As Texas debates high-speed rail projects, Germany looks to triple rail network
MUNICH, Germany (KLTV) - It could be years before either of the two proposed high-speed rail projects connecting Texas’ largest cities becomes a reality.
But Germany, seen as a model in the industry, is exploring a growth plan that would triple its rail network. This Summer, Deutsche Bahn (DB) announced a goal of connecting two-thirds of Europeans by high-speed rail by the year 2050.
DB, which is state-owned but is run as a private company, operates more than 20 thousand miles of track across a network of regional and local passenger trains. More than 6.8 million Germans use DB trains daily.
The company’s Intercity Express, or I.C.E. train, debuted in 1991 and is part of a has moved millions of passengers at speeds as fast as 200 miles per hour.
It’s the type of time-saving service Texas Central Partners are working to provide.
A newly-proposed partnership between Amtrak and Texas Central could rescue the project from the ash heap. The 240-mile rail line would shuttle passengers between the state’s two largest cities at speeds of at least 200 miles per hour.
“We believe many of the country’s biggest and fastest-growing metropolitan areas, like Houston and Dallas, deserve more high quality high-speed, intercity rail service and we are proud to bring our experience to evaluate this potential project and explore opportunities with Texas Central so the state can meet its full transportation needs,” said Amtrak Senior Vice President of High-Speed Rail Development Programs Andy Byford.
Republican State Representative Cody Harris, of Palestine, issued a joint statement with U.S. Rep. Jake Ellezy, who represents parts of Anderson and Cherokee counties.
“Like clockwork, Texas Central is proving what I have been saying for the last year or more: they cannot exist without taxpayer money coming from Washington, D.C.,” said Harris.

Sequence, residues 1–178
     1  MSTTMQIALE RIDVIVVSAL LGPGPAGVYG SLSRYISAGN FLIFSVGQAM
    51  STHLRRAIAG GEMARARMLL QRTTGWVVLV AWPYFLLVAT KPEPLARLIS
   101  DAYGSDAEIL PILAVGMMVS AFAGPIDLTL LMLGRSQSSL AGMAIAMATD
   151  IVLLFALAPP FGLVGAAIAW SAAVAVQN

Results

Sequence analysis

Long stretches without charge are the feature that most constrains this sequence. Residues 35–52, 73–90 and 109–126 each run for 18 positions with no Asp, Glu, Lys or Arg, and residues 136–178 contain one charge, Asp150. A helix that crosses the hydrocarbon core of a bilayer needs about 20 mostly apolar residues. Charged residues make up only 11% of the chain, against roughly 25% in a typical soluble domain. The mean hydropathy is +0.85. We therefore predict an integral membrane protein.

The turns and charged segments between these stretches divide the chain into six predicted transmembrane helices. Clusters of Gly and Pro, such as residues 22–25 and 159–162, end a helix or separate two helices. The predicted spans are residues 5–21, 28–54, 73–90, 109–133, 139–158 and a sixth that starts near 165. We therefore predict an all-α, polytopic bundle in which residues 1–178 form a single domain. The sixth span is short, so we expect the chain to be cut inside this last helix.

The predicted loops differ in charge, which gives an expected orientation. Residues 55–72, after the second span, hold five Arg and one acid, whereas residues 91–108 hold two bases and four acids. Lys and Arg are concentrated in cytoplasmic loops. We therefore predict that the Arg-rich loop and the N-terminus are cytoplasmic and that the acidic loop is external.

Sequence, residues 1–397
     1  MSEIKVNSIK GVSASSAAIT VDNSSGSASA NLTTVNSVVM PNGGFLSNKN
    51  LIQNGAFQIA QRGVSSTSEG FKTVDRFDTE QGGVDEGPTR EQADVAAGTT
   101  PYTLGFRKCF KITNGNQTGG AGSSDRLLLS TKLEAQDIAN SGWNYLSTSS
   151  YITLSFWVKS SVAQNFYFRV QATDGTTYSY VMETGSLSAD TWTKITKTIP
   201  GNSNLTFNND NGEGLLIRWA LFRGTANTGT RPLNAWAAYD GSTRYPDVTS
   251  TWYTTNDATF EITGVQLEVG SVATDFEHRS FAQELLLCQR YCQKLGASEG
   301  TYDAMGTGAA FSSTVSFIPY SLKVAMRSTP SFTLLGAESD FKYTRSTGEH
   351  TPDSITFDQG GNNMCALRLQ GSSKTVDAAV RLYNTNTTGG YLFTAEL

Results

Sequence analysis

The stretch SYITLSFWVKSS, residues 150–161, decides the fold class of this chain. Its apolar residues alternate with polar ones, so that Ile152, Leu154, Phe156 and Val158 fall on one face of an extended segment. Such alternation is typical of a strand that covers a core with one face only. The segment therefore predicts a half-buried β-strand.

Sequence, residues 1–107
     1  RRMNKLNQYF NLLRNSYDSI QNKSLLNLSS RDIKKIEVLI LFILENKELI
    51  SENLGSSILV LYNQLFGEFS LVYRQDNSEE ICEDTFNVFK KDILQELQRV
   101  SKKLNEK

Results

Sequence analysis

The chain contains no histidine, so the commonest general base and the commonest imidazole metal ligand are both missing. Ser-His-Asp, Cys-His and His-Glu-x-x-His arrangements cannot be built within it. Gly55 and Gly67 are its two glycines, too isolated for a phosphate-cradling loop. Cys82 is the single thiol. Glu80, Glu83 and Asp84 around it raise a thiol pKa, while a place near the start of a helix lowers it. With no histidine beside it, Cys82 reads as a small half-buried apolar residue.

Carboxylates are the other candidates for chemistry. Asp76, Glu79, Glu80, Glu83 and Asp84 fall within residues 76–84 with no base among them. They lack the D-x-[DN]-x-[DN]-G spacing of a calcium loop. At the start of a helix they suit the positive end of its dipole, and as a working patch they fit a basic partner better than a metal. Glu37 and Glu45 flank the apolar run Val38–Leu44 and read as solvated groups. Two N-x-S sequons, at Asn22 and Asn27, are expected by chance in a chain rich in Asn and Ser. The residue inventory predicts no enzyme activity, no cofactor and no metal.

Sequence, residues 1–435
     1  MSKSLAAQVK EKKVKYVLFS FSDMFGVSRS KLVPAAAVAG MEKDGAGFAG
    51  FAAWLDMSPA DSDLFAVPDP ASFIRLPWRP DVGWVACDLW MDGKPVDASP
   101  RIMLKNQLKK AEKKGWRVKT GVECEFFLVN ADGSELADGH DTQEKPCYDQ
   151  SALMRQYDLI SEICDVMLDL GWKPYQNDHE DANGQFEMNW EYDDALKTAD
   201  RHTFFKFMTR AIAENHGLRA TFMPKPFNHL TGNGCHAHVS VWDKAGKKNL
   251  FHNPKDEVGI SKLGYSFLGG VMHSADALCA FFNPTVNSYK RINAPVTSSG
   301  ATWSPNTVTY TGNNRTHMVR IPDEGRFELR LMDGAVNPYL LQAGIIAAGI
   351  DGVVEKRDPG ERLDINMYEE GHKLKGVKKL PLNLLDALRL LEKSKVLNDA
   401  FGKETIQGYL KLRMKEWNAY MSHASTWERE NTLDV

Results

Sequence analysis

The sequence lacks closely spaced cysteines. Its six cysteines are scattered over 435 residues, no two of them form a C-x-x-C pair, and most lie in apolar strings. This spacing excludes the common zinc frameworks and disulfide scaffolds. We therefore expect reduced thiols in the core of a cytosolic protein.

“So, the high-speed rail that doesn’t have a board of directors, doesn’t have it’s own real CEO, doesn’t have any employees or even its own telephone number, is trying to partner with another railroad that lost over $2 Billion last year. Amtrak and Texas Central seem like perfect bedfellows as they’ll be both cost taxpayers billions more than they’ll bring in. I’ll continue to do everything possible to fight this disastrous and failed idea.”
Harris says this project should concern all of East Texas, even if the rail line doesn’t go through most communities in the region.
“Is this what our founders intended when they granted the right of eminent domain? Now, If Texas Central wants to go out and do this with complete private dollars, not utilizing any taxpayer funds, and actually acquire the land required to build their rails, go for it. But it’s utilizing both taxpayer dollars, or attempting to, and then forcibly taking people’s land, are the two biggest issues that we have here. So it may not be going through your property, but this should definitely concern you as a bad precedent to set in the state of Texas.”
Another unrelated project, connecting Dallas and Fort Worth, has the support of the North Central Texas Council of Governments, which is hosting multiple public meetings this month to discuss plans.
The German rail system isn’t without its own critics. At times, it has been plagued with bureaucracy, strikes, construction, and late trains.
KLTV & KTRE anchor Lane Luckie is traveling to Germany to explore the deep ties between East Texas and one of America’s closest allies. Click here for more coverage.
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